Neil completed his doctoral training with Professor Tom Blundell at Birkbeck College where he determined structures of the ß-nerve growth factor (NGF) cystine knot and the multi-protein 7S NGF complex. He also uncovered the first evidence of a ligand-induced allosteric changes within the EGFR. He was then awarded a Lucille P. Markey Scholarship for his postdoctoral training to move to the laboratory of Professor Wayne A. Hendrickson in the Department of Biochemistry and Molecular Biophysics, Columbia University, New York. While there he studied the ciliary neurotrophic factor (CNTF) and its receptors and applied multi-wavelength anomalous diffraction (MAD) methods to determine the structure of CNTF, a potential biotherapeutic produced by Regeneron Pharmaceuticals.
Neil was then recruited back to London in 1994 as a Group Leader in order to establish a Structural Biology Laboratory at the ICRF. ICRF became the Cancer Research UK (CR-UK) London Research Institute and is now part of the Francis Crick Institute. Neil also has held a chair at Birkbeck College as Professor of Structural Biology since 2006.
His research interests lie in the molecular mechanisms underpinning growth factor signalling at the cell membrane. His group has uncovered molecular mechanisms controlling protein kinase and protein phosphatase activation in both physiological and disease settings. More recently his group have explored; (1) the architecture and regulation of many types of membrane-linked proteins and enzymes (2) the molecular function of the RPEL motif, a multi-valent G-actin-binding signature that couples the nuclear accumulation of transcription factors, phosphatases and RhoGAPs to signal-regulated changes in cellular G-actin concentration and (3) structure determination of several opportunistic oncology targets.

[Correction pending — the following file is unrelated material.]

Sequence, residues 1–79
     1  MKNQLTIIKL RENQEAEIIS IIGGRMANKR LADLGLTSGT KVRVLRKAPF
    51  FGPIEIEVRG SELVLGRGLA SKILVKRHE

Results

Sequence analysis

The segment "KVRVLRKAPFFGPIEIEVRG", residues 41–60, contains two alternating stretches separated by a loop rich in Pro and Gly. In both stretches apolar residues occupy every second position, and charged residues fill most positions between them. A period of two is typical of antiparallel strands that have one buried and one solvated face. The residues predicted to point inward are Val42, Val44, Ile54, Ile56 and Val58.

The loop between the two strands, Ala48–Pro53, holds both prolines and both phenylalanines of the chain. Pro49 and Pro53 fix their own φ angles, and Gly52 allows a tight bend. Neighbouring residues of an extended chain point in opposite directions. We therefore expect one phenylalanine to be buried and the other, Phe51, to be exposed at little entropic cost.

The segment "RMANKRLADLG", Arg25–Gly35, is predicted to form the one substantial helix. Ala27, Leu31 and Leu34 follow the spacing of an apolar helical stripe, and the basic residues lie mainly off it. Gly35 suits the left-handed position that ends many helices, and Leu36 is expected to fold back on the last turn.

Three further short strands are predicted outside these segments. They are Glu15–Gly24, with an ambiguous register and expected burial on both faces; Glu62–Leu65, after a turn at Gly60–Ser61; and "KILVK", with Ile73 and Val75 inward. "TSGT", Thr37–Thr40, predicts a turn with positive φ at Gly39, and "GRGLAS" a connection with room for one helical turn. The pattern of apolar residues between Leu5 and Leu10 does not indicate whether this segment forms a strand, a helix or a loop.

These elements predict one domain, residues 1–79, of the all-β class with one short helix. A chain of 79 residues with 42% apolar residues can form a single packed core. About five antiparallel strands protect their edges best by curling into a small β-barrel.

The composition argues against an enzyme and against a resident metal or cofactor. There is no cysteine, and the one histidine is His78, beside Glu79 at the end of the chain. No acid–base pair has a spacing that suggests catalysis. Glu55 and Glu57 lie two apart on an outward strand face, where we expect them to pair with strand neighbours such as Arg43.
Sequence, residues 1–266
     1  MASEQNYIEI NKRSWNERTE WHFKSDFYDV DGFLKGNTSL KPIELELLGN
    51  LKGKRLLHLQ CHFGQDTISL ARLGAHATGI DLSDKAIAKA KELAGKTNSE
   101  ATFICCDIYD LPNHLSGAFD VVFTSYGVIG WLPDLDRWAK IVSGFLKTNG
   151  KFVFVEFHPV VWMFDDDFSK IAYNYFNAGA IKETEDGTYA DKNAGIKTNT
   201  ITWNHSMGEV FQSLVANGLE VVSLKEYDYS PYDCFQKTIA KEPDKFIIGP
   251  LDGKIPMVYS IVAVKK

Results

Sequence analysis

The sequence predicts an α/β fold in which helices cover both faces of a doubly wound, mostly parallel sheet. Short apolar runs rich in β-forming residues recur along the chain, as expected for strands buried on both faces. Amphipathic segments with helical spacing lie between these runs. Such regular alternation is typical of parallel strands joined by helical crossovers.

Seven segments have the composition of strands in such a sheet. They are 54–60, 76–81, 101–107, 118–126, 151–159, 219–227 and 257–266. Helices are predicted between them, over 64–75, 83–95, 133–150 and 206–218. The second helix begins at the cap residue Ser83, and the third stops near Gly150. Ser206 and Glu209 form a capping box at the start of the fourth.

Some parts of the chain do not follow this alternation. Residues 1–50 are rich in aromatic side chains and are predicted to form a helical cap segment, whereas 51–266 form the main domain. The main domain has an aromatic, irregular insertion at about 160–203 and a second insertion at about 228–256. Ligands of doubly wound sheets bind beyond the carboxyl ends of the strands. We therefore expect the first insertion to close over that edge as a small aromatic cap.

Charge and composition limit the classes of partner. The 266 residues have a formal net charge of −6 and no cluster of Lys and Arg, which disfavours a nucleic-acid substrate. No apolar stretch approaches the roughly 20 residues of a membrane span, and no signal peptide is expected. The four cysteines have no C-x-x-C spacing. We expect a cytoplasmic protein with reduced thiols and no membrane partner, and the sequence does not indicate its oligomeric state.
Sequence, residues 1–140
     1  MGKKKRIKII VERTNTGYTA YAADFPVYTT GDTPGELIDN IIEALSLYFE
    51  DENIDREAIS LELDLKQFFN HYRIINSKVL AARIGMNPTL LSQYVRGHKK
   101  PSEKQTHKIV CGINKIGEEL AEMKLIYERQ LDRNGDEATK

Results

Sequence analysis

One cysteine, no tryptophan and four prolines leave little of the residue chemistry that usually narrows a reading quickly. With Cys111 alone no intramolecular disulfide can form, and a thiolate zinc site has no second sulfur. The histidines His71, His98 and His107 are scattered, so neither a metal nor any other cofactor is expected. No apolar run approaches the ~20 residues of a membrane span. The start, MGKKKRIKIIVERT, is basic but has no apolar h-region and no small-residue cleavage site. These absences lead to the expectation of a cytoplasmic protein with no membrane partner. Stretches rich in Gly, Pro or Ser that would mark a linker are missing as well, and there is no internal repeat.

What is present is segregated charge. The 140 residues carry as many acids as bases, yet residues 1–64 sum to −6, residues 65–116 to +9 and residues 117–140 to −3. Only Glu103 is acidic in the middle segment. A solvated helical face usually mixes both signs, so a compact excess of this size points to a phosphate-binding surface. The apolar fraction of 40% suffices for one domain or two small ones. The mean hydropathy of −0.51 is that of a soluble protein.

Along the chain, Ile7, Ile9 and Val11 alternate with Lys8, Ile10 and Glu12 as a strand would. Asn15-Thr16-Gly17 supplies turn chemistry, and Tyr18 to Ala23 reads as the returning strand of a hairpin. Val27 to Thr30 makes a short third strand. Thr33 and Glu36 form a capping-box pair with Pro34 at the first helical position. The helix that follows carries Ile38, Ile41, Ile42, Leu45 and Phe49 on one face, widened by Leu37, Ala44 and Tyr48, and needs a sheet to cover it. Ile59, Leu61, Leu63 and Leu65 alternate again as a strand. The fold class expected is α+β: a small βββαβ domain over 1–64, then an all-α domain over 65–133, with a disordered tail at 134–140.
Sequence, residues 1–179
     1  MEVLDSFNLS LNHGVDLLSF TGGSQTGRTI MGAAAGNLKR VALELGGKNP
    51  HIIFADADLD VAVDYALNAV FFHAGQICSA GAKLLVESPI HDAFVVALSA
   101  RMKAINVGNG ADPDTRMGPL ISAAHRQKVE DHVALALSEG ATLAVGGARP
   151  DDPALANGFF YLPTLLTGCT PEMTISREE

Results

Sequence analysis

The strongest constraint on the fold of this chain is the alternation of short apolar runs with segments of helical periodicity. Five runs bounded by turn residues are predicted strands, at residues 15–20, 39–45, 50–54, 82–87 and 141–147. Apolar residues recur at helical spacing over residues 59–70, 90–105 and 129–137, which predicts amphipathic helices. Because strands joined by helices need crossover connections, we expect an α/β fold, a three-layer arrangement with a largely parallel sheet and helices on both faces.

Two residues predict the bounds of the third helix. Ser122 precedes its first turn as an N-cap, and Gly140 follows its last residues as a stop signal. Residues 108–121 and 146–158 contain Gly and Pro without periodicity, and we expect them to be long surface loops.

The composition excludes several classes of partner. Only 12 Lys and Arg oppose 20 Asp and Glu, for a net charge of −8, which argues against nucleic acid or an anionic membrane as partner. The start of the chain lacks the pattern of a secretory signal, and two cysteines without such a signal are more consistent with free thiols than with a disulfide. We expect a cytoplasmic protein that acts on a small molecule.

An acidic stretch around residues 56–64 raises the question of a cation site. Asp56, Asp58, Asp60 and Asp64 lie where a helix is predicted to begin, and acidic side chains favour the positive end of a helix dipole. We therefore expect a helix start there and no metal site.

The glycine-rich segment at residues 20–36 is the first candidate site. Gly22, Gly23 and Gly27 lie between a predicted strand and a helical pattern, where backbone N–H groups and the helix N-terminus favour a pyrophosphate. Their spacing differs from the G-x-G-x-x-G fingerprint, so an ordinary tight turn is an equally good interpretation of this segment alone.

His current interests are the assembly and control of neuronal survival and polarity networks. Both are kinase-driven networks with distinctive architectures and each plays critically important and complex roles in human physiology and diseases. A fundamental question linking the laboratory’s research is how the molecular function of key protein kinases within these networks encode instructions that ultimately control cellular behaviours. In parallel to this discovery-based research, the group has also contributed to several CR-UK and Wellcome-funded drug discovery programs, including one that has delivered a first-in-class, pre-clinical candidate against a known cancer target.